Book Title: A Fledgling Abiba
Author: Dilman Dila
ISBN-13 : 978-1911486527
Book Blurb: An orphaned teenage girl tries to survive on her own and understand her magical powers while a sorcerous plague sweeps the country. She may hold the key to its cure, but what she really wants is somewhere she can call home and family.
In this book, and in a lot of his short stories, Dilman Dila imagines Africa that was never colonized by the British and how that would have been like. The politics, the tribalism, the trade. He also examines the human condition. That fear of the unknown, the piousness of humans and the search for belonging and family.
What Dilman excels at in all his fantastical stories is the world building. His stories are not so long but that they are so rich. The world he weaves in this book is very vivid that the I felt that it actually exists just beyond my village. And this is just a novella.
The main character is the child of an Abiba and a Muchwezi. For those not in the know, Bachwezi were a dynasty that existed in about 1000AD and established the Kitara Empire that stretched to present day Zambia, Malawi and Tanzania. The Bachwezi mysteriously disappeared and left behind their empire that gave birth to the Buganda and the Bunyoro Kitara Kingdom. I’m a little rusty on that front but I believe that is what happened.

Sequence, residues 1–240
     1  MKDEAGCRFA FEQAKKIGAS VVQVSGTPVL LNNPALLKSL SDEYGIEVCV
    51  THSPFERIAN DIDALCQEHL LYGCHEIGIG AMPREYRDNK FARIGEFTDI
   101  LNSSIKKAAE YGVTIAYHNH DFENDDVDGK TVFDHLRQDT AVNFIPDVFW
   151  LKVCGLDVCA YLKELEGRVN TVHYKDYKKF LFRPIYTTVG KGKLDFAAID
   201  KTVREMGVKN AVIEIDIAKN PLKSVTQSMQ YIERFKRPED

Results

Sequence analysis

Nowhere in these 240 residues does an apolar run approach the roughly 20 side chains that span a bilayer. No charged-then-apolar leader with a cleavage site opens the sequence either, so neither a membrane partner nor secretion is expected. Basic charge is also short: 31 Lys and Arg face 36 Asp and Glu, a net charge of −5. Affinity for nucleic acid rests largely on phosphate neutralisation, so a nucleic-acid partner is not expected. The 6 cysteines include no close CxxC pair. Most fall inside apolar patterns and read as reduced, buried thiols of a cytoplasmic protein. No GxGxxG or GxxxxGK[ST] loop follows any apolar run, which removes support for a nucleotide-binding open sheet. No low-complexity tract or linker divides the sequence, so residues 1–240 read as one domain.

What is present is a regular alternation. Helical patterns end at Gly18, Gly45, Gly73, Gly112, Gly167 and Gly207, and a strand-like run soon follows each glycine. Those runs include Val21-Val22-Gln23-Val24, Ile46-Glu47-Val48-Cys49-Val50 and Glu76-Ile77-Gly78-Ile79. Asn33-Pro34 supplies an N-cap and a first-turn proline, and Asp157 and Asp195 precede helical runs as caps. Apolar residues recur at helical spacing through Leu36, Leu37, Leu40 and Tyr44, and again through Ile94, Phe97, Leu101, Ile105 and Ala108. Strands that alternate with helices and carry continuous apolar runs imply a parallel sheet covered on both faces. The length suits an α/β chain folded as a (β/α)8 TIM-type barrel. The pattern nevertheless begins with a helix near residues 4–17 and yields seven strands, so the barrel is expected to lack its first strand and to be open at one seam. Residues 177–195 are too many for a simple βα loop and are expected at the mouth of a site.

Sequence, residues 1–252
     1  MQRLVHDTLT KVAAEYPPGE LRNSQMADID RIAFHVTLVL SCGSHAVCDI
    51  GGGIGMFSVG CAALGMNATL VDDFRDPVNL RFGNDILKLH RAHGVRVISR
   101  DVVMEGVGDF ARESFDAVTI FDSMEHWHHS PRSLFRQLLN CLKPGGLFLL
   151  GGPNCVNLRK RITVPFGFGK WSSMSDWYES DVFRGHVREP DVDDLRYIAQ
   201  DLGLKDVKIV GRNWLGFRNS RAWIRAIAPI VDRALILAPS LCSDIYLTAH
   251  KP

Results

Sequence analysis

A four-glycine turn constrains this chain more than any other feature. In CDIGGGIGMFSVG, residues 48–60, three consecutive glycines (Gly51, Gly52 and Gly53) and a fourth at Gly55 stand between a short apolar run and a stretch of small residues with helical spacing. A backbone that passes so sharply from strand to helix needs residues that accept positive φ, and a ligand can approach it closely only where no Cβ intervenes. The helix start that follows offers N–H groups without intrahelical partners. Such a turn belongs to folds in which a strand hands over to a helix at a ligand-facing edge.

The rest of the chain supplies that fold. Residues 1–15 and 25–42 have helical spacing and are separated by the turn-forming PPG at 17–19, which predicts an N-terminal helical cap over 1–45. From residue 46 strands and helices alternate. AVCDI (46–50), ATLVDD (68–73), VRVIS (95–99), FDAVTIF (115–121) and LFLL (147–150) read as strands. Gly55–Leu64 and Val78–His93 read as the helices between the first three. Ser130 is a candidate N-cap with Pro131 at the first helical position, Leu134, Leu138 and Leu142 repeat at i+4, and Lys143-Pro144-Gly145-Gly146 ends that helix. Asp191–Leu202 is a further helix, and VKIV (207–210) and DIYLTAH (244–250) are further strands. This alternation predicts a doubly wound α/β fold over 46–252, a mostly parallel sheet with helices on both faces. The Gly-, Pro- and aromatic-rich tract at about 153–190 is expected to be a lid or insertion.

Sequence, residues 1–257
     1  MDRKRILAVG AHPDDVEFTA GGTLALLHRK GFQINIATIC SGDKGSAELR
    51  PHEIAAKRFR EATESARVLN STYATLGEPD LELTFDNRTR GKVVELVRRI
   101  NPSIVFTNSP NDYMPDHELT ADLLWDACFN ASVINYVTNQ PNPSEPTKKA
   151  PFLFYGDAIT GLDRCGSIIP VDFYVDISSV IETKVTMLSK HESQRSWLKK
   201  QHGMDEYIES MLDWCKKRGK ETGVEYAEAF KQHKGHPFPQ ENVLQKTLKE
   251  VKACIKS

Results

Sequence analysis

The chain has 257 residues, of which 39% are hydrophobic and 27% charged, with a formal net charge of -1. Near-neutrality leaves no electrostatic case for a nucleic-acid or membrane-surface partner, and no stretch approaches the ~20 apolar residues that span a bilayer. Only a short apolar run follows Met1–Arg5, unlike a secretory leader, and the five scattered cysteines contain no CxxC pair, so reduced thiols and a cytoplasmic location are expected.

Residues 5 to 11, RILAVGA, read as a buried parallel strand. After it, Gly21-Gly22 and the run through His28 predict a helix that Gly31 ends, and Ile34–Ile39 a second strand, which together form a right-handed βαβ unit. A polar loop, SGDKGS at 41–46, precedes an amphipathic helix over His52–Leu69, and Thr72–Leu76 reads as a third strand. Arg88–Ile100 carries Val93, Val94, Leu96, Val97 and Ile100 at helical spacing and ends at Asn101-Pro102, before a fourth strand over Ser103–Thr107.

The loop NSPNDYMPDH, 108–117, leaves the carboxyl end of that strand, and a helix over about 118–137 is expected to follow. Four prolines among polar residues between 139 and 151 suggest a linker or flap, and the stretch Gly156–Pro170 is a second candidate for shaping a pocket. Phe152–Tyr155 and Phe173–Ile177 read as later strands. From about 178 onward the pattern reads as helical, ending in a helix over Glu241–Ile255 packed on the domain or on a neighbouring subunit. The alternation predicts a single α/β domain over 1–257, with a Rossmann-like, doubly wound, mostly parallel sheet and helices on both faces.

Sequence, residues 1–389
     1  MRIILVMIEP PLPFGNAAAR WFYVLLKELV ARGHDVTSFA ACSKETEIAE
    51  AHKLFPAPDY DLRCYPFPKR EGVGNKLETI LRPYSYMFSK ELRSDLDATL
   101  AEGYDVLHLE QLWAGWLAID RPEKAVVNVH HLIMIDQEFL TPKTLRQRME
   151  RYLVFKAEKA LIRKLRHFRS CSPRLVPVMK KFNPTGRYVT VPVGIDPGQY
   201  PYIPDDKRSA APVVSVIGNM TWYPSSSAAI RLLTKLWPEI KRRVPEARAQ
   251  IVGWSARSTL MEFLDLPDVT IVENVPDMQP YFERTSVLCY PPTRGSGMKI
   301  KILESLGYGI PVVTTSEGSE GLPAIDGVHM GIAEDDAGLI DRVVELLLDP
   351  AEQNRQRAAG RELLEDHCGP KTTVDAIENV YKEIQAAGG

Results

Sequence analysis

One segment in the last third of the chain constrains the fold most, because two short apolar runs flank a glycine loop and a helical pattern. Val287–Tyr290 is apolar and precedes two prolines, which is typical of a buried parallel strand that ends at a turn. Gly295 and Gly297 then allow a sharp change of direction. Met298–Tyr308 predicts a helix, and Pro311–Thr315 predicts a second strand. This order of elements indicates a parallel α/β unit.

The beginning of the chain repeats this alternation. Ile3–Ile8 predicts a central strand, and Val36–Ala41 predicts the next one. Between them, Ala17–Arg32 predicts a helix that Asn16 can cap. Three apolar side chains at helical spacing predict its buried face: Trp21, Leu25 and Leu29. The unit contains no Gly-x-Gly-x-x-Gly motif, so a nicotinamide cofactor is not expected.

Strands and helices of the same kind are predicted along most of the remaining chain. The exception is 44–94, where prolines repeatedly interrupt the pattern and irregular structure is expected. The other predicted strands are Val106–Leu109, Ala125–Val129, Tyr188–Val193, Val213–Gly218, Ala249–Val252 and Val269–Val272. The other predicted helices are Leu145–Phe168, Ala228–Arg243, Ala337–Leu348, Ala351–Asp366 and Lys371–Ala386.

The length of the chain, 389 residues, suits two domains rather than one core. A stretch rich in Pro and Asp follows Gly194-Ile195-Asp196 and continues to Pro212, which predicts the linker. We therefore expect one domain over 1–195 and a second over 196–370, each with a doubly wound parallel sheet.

Kuri, the protagonist is a young abiba who is struggling to understand her own power and find her place in the world. We follow her along her journey to find herself and belonging. An Abiba is what the western people would call a witch doctor. The most unique feature about them is that they fart flames.
Dilman pulls from stories and myths from different parts of Uganda to weave a story of discovery of self and power. Many Ugandans will recognize the different mythological things like Musezi, Mulogo, Kifaro, and Lakwopo. Bukuku, the gatekeeper, from stories from Western Uganda also makes an appearance.
There’s also a sexually transmitted disease in this story called kawuka whose equivalent is AIDS except it literally means a maggot in the eye.
I enjoyed this book, it was a quick read and it has a really awesome cover, (yes, I judged the book by the cover). I think the point he was trying to put across was that good and evil are not white and black. I wish, though, that it was bigger and more in-depth. The There are a lot of things left up in the air. A lot of unresolved threads and I am hoping for a part 2.
If you want to buy this book and support the author, I am including the links.